RT: I would say it is very important. To differentiate, to generate a price premium and to retain customers you must have a brand that communicates purpose and branding that drives awareness, choice, pricing premium and loyalty. Guests will not spend more or stay longer for a generic, non-branded experience. They don’t do it in any other segment or sector, why would they do it in wellness? In fact, I would say it is even more important in areas like healthcare and wellness, because guests (or patients) make their selection on the basis of trust. No one will select a care provider they do not trust, at any price.

Branding in wellness needs to go beyond facilities and amenities and focus on purpose and outcome. Full stop.

QUO: You talk about ‘healthy hospitality’. Is that the same or different from wellness?

RT: Healthy hospitality is the outcome. Wellness is the way. My view is that if you can make a stay feel healthier then you win the hearts and minds of guests, because you appeal to their emotions and intellect. If I select a hotel and they have healthier menu items, better fitness facilities and programmes and sleep-friendly rooms, then chances are I leave the hotel feeling better than when I walked in. That’s a win at every level.

As I have said before many times, ‘wellness’ can be anything. The word almost has no borders. Therein lies the risk of commoditisation, because there is no barrier or restriction to label something as ‘wellness’. ‘Healthy’ is more tangible and visceral. People know when they feel healthy. They have more energy, more endurance and more clarity of mind. My sense is that if you offer people a ‘healthier way to stay’ that they will reward you in loyalty.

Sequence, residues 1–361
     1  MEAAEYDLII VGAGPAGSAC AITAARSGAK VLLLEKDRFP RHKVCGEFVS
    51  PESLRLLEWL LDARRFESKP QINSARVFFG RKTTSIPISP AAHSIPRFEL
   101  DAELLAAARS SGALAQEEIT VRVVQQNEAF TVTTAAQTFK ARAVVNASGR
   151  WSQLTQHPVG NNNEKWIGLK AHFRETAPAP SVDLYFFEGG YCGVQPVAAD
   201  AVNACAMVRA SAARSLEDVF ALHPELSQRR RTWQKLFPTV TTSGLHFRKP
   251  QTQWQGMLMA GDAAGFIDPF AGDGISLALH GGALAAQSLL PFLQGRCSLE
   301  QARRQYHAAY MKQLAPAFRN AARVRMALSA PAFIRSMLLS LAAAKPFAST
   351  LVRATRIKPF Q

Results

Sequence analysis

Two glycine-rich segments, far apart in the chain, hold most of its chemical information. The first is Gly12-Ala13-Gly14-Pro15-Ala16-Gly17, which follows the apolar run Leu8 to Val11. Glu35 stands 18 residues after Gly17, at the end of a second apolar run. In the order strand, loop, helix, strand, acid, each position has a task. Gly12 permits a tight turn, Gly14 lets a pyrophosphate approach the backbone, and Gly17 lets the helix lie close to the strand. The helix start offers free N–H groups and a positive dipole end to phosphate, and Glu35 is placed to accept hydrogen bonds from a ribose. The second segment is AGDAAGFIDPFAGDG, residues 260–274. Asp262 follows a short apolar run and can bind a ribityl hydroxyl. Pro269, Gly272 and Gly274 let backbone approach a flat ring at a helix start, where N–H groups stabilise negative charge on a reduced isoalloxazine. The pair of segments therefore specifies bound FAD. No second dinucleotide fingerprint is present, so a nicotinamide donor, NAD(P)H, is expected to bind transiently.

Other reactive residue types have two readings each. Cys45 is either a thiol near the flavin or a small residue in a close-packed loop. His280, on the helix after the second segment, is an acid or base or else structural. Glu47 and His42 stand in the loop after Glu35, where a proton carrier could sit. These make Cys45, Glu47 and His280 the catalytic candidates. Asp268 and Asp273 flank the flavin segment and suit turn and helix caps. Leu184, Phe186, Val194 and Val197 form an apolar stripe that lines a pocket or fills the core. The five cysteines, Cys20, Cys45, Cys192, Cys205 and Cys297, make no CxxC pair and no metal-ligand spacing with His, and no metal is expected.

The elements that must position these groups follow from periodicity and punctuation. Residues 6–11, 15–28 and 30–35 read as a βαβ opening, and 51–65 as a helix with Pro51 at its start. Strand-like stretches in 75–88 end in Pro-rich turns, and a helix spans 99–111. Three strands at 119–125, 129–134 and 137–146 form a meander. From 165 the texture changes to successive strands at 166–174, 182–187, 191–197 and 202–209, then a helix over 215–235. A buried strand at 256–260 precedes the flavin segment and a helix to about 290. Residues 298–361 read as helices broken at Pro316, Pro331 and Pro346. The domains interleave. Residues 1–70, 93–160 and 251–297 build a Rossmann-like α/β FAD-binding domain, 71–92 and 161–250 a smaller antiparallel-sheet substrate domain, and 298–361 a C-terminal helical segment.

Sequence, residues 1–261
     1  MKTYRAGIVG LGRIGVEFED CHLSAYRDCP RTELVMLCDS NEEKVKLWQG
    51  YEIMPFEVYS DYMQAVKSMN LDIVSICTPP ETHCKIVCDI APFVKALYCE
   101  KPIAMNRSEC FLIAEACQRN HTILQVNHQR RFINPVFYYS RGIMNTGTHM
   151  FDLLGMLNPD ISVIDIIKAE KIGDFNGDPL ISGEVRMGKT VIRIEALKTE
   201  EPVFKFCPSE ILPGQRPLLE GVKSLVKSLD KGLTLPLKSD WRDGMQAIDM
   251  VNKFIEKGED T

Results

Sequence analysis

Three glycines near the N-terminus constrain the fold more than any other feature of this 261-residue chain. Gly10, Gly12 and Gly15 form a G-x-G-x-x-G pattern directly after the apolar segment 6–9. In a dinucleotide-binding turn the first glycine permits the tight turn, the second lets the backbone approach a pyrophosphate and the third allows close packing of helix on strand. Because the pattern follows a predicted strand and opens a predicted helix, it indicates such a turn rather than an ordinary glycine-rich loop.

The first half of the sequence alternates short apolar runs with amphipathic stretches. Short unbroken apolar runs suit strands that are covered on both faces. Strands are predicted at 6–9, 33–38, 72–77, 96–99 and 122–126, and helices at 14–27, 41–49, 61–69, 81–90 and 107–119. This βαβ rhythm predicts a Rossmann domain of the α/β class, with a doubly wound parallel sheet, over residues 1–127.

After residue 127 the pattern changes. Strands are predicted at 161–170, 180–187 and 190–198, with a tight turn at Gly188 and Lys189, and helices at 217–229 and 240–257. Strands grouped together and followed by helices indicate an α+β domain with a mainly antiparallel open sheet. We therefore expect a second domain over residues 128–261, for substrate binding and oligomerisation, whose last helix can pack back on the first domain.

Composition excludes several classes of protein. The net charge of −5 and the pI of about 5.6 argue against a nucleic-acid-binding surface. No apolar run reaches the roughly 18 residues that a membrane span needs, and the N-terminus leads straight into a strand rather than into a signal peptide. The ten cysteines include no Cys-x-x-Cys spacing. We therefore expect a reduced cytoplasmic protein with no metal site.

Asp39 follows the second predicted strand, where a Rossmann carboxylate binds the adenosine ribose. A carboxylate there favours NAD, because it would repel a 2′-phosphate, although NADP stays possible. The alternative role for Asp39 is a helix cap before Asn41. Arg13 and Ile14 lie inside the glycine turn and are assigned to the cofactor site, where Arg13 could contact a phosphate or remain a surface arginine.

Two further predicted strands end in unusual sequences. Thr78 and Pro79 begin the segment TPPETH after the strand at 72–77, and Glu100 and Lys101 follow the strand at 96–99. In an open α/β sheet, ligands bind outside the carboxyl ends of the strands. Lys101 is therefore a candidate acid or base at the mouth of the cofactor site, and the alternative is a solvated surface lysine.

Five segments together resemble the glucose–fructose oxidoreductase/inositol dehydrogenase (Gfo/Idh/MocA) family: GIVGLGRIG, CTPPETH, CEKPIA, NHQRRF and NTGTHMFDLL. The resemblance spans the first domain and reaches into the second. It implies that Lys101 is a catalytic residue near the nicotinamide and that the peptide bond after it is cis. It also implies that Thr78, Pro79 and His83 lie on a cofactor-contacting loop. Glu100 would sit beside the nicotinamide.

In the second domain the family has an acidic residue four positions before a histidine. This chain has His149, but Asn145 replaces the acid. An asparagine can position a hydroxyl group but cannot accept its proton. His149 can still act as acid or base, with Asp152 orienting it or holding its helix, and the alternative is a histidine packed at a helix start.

The Doctor-Hospital Branding Conundrum


Consumerism is a mega-trend that is reshaping healthcare, and the internet has made it easier than ever to access endless sources of information. However, one area that lags behind all others is information and reviews about doctors, particularly here in Asia.

In the US, websites like Healthgrades, Vitals and WebMD provide consumers an independent source of information about doctors so that they can verify credentials  and validate the experiences of others. According to Healthgrades, 90% of patients use online reviews, 80% of customers trust these reviews as much as a personal recommendation and 77% use these online reviews to find a new doctor.